Antioxidants like vitamins C and E

Asparagus

Beans and lentils

Beta-carotene

Calcium-rich foods* – dark green leafy vegetables, sardines, salmon, beans

Chlorella

Cruciferous vegetables (included are broccoli, Brussel sprouts, cabbage, cauliflower, turnips, swedes, collards, watercress, kale, kohlrabi, mustard, and bok choi)

Flaxseed (which breast cancer survivors should be taking anyway due to its anticancer activities) [12]

Garlic and onions

Green tea, black tea

Magnesium-rich foods* – dark leafy greens, nuts, pumpkin seeds, sunflower seeds, sesame seeds, black beans, navy beans

Pectin-rich foods – apples, pears, guava, quince, oranges, plums (pectin was shown after Chernobyl to accelerate the clearance of Cesium 137 from the body) 

Potassium-rich foods* – apricots, avocados, bananas, cantaloupe, honeydew melons, kiwi, lima beans, oranges, potatoes, prunes, spinach, tomatoes, winter squash

Sea vegetables like wakame, seaweed, nori

Selenium-rich foods – Brazil nuts, sunflower seeds, halibut, salmon, eggs, mushrooms including shiitake, button, whole grains, onions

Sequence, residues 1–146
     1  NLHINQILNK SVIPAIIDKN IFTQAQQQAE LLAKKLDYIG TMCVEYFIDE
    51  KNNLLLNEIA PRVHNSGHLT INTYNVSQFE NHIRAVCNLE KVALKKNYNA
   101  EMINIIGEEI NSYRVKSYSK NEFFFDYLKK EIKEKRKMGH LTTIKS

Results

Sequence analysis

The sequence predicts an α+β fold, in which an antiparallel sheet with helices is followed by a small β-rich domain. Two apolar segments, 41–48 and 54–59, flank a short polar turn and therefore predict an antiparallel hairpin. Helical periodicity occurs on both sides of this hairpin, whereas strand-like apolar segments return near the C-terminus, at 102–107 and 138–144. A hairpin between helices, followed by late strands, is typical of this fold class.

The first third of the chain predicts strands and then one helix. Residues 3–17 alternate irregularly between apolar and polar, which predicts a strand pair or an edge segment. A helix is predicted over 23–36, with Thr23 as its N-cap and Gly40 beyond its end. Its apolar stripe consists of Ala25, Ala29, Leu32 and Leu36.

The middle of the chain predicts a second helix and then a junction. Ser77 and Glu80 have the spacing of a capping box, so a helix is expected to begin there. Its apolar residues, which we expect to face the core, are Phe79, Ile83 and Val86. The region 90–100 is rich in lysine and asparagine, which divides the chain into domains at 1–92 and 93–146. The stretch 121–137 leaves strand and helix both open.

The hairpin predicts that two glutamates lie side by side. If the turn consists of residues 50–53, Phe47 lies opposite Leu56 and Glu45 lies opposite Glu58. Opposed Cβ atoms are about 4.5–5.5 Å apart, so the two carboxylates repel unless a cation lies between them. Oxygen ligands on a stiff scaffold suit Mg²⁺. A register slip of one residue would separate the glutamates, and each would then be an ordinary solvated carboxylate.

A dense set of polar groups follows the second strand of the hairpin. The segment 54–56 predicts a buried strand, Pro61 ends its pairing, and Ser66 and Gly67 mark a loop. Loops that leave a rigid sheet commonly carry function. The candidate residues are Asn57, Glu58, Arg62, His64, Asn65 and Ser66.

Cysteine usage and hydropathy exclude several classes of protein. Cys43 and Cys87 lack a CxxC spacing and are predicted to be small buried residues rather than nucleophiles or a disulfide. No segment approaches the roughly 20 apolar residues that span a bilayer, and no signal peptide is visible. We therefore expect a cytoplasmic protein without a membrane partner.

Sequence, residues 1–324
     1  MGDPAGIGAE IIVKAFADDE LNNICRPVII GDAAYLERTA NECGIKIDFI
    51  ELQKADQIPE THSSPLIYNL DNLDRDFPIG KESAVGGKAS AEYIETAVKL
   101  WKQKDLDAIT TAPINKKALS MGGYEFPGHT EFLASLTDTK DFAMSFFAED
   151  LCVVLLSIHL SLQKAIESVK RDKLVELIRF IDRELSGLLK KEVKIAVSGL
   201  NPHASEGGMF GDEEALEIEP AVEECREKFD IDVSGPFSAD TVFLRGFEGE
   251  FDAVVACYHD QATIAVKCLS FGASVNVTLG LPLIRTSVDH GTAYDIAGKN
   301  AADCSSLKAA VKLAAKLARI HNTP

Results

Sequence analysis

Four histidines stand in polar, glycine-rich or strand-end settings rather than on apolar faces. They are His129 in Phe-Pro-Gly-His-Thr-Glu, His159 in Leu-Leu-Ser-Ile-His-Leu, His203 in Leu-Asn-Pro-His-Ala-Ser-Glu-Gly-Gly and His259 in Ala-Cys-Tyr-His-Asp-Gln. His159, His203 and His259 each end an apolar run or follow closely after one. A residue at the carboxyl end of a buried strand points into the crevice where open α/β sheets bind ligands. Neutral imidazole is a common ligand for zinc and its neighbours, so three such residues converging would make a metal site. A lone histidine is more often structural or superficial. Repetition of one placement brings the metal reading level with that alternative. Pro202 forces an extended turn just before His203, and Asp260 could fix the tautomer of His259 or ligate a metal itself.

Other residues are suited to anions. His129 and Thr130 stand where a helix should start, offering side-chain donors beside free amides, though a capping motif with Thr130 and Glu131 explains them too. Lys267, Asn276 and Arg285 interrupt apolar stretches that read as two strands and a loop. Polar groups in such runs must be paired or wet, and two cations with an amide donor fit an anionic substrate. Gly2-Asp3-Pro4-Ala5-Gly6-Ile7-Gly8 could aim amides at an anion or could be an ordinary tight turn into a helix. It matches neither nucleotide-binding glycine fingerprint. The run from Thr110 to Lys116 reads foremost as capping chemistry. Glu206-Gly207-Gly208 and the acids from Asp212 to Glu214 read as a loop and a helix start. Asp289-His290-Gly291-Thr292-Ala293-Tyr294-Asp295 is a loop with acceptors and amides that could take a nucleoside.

Spirulina 5,000 mgs (5 gms) per day

Tomato products (cooked) like tomato sauce, tomato paste, tomato passata, even ketchup – for the lycopene

*Deficiencies in calcium, potassium and magnesium can make radioactivity more harmful for you 

Radioprotective Herbs

Aloe vera – stimulates skin repair, heals radiation burns

Ashwaganda – helps to supports thyroid and adrenal glands

Astragalus – supports thyroid function

Burdock root

Dandelion root

Ginkgo biloba (avoid if on blood thinners)

Milk thistle

Peppermint

Red clover

Reishi mushrooms

Siberian Ginseng

Yellow dock

Things to Avoid

It’s best to avoid highly processed foods, sugars and flours for several days – for obvious reasons. After radiation exposure, the last thing you’ll want to do is take in foods that compromise immune function.

I recommend carrying on with the foods and nutrients from the list above – not these alone, but in combination with what you normally have for a good, healthy diet – for several days after exposure to some of the higher mSv tests.

I also have an excellent protocol for protecting your skin when undergoing several weeks of radiotherapy, which can be quite damaging to your skin: How to Protect Your Skin From Radiation Treatment for Breast Cancer

References:

[1] https://www.wakerad.com/expert-feature/how-much-radiation-is-in-a-mammogram/

[2] https://www.cancer.org/treatment/understanding-your-diagnosis/tests/understanding-radiation-risk-from-imaging-tests.html